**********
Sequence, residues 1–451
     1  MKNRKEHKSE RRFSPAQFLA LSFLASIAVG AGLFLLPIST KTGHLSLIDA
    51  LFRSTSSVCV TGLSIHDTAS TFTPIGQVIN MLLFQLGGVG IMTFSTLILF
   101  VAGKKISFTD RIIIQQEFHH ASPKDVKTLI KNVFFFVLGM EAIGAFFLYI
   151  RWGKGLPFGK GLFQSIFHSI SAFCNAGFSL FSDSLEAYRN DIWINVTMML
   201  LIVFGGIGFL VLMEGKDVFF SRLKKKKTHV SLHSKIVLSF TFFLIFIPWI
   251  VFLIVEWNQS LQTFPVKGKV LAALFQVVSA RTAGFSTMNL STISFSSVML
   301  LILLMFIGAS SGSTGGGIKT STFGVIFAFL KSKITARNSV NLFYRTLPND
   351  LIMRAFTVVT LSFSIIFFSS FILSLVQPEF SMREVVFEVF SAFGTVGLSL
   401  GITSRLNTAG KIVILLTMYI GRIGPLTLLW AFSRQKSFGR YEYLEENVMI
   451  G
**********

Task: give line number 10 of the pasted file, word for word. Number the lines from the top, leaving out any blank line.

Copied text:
   401  GITSRLNTAG KIVILLTMYI GRIGPLTLLW AFSRQKSFGR YEYLEENVMI